If I had to choose one word to describe the media coverage of Barack Obama’s inauguration it would be ‘extraordinary’. But I reserve the right to use that one word over, and over, and over again.
My consumption of Obama-related media coverage was patchy at best, but I could not fail to notice that several reporters left their thesaurus at home. As a result, everything became ‘extraordinary’.
Rahni Satler kicked things off when I tuned into Sunrise. She gave an endearing, breathless account of Obama’s walk up to the White House. She described the scene as ‘extraordinary’ or ‘quite extraordinary’ five times in four minutes. Given that she stood in the cold for a solid six or seven hours, you’d have thought she might have come up with some synonyms.
Beverley O’Connor only made it four minutes into her shift on ABC radio in Melbourne before she informed us the inauguration was “quite an extraordinary scene”. Poor Waleed Aly wasn’t immune from this extraordinary narrowing of the english vernacular, telling us that “to set a [crowd] record in that kind of weather is really extraordinary”.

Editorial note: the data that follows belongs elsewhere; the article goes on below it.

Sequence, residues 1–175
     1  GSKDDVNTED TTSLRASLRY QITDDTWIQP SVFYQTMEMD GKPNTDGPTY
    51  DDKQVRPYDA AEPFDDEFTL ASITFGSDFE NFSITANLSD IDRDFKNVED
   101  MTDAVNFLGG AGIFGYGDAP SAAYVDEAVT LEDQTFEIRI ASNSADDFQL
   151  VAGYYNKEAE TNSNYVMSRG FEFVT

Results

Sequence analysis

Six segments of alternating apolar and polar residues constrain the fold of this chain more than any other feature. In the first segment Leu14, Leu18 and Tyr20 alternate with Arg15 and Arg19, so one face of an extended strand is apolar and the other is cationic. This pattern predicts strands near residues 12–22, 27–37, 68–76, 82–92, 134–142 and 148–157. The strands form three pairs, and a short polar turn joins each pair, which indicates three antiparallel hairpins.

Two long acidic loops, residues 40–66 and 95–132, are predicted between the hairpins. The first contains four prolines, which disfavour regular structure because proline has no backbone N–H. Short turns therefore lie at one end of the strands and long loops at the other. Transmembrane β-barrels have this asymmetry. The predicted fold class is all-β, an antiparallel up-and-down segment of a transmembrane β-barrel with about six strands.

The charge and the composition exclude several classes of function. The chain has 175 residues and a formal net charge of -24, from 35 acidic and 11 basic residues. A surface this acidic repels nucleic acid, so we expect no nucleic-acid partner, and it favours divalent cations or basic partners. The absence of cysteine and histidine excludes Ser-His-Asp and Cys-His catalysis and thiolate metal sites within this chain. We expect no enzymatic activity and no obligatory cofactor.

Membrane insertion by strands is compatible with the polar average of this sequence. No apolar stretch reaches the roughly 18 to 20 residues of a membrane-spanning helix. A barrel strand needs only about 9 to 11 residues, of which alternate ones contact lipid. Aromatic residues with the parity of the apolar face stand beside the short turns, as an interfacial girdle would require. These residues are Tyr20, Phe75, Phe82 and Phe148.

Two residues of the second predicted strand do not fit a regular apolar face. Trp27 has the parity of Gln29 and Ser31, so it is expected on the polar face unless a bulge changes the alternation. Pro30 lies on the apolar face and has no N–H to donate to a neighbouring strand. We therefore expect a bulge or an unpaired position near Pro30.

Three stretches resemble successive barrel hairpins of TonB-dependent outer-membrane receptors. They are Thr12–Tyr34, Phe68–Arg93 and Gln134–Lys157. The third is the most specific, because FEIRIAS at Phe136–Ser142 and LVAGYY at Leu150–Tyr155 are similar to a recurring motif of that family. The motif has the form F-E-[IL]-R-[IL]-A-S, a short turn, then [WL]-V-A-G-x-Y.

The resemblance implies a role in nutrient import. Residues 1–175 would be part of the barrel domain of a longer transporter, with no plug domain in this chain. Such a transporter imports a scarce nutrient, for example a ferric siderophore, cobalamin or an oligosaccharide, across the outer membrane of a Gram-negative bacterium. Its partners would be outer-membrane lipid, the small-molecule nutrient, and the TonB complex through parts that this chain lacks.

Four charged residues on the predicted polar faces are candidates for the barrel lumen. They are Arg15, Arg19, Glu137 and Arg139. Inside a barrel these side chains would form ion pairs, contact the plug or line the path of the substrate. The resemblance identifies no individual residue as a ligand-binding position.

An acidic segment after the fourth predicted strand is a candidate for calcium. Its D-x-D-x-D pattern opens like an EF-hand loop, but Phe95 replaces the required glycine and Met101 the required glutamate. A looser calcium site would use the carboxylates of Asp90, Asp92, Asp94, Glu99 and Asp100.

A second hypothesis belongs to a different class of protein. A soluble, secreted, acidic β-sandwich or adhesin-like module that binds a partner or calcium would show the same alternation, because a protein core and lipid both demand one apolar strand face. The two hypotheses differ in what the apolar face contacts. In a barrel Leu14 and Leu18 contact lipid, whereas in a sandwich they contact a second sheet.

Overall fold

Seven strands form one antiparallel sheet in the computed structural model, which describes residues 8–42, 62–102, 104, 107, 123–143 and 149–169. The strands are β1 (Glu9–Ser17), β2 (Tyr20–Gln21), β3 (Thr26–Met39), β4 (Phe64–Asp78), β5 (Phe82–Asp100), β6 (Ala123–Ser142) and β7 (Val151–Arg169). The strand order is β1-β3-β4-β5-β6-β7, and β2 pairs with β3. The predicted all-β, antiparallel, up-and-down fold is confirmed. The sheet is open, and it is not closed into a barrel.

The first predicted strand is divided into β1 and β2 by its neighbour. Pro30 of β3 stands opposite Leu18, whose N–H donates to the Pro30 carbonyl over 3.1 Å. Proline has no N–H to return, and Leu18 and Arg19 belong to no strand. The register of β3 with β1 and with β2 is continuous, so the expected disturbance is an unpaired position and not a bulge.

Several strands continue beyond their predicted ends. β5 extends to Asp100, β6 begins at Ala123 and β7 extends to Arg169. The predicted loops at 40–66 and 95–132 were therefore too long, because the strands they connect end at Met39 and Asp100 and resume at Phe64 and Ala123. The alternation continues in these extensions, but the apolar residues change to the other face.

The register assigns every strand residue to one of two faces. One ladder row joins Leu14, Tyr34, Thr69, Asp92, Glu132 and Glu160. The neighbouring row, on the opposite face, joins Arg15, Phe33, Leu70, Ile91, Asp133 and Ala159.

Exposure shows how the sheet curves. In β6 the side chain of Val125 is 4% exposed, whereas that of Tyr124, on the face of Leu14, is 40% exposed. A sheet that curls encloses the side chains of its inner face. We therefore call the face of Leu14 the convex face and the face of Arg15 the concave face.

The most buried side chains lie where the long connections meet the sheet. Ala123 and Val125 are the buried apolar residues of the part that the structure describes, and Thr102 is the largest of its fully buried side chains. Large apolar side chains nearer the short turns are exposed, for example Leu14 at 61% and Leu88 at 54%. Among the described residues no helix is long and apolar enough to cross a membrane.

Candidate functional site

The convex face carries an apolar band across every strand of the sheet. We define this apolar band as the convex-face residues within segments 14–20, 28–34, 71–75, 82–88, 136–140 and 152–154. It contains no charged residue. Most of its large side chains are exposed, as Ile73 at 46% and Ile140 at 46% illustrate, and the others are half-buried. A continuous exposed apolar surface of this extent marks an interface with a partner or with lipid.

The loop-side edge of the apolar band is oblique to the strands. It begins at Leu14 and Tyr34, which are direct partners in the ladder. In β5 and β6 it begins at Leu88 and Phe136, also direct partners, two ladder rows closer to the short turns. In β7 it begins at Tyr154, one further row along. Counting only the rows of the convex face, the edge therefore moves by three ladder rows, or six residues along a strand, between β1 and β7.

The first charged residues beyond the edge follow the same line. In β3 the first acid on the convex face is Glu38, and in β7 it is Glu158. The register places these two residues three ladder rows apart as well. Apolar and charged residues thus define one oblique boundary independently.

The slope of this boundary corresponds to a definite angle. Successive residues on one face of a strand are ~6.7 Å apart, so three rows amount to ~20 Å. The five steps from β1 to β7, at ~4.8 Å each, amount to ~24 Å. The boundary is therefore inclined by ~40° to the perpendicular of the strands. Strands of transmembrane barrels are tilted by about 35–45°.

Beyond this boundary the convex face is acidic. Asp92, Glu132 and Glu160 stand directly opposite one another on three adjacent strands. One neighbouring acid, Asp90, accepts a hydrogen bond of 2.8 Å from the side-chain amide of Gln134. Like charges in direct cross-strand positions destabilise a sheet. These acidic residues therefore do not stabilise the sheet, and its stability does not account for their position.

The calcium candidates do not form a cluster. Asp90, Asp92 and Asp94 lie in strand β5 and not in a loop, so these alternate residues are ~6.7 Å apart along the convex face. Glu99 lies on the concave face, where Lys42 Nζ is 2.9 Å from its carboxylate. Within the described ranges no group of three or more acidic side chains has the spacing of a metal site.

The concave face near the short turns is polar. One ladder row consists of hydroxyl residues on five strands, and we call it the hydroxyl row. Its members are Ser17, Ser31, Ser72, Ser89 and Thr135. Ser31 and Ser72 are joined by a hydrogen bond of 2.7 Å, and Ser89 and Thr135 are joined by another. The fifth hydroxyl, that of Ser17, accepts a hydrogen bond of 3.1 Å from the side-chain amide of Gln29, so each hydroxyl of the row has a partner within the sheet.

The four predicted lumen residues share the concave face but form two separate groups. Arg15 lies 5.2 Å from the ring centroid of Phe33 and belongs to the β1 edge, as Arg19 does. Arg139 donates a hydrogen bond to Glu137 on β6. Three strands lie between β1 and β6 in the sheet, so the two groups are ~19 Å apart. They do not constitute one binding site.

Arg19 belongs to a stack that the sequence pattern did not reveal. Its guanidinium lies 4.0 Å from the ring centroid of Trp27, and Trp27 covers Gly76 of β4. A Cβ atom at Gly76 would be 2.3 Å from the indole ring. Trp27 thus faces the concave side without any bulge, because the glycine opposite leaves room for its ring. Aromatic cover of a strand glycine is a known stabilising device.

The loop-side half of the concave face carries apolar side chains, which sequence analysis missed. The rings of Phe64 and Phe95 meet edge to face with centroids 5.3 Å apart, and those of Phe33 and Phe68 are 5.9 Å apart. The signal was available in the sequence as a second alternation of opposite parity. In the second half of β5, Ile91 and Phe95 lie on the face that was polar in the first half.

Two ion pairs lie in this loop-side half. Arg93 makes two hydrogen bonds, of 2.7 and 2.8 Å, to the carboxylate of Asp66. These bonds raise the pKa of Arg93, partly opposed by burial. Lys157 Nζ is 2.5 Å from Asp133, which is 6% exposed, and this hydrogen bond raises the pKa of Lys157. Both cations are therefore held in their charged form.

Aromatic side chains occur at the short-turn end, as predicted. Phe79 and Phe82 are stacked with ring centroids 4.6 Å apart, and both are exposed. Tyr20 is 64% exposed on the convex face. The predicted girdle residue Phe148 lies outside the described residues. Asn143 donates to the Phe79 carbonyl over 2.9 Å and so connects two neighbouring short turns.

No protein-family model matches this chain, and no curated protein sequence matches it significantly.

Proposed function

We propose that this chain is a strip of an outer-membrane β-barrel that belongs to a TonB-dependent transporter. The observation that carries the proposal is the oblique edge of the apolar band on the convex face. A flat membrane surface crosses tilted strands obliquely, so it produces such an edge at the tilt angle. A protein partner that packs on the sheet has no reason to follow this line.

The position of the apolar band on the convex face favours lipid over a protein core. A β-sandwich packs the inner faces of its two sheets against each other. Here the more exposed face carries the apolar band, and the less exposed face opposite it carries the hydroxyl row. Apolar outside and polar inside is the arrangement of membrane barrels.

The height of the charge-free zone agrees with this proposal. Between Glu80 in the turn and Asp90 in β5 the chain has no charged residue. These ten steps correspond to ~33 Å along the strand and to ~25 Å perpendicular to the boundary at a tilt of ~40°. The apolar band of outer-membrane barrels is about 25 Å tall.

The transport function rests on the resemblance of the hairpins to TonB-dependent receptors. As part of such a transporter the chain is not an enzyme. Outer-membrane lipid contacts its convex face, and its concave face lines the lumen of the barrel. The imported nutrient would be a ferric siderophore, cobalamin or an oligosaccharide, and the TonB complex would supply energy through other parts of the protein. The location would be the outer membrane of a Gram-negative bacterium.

Still at the ABC, Kim Landers – or possibly a sub – told us of the extraordinary expectations on Obama, while the Geelong Advertiser told us of the extraordinary amount of goodwill which exists for him.
A quick look around the interwebs reveals the international media also struggled. Tim Reid at The Times described Obama’s pause during his oath as “an extraordinary thing”, while The BBC reminisced about “the moment at the Democratic Convention in Boston in 2004 when he first displayed his extraordinary ability to conjure a mood and capture an audience”.
Earlier the Associated Press revealed “an extraordinary number” of people had used Washington’s public transit system on “an extraordinary day in the life of America“. I wonder if the transit system is what Obama used for his “extraordinary journey“, described by the LA Times?
Fox News Anchor Chris Wallace delivered the sad news of the collapse of Senator Kennedy, “one of the very few blemishes in what has been an extraordinary day“. The LA Times managed to whittle that extraordinary day down to an extraordinary moment.
But perhaps the last word should be left for LA Times blogger Andrew Malcolm, who delivered this stirring piece of prose:
“People wanted to see extraordinary. They saw extraordinary. And so it was extraordinary.”